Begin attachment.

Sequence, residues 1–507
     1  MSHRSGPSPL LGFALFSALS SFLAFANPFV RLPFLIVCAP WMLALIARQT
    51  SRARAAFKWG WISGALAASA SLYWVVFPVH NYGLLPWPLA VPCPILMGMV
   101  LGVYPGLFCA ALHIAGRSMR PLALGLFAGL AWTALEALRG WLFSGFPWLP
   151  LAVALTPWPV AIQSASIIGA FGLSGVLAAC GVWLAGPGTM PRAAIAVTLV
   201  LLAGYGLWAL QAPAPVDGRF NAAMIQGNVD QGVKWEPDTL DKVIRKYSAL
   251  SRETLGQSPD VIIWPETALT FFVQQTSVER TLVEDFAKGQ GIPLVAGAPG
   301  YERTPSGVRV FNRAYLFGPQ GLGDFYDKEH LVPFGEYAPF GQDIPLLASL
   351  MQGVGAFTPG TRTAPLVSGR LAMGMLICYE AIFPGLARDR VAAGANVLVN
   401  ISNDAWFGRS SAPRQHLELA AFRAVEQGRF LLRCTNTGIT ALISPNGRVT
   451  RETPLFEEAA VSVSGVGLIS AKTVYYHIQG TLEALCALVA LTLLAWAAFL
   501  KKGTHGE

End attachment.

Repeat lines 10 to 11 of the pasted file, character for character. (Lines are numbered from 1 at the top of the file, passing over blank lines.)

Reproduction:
   401  ISNDAWFGRS SAPRQHLELA AFRAVEQGRF LLRCTNTGIT ALISPNGRVT
   451  RETPLFEEAA VSVSGVGLIS AKTVYYHIQG TLEALCALVA LTLLAWAAFL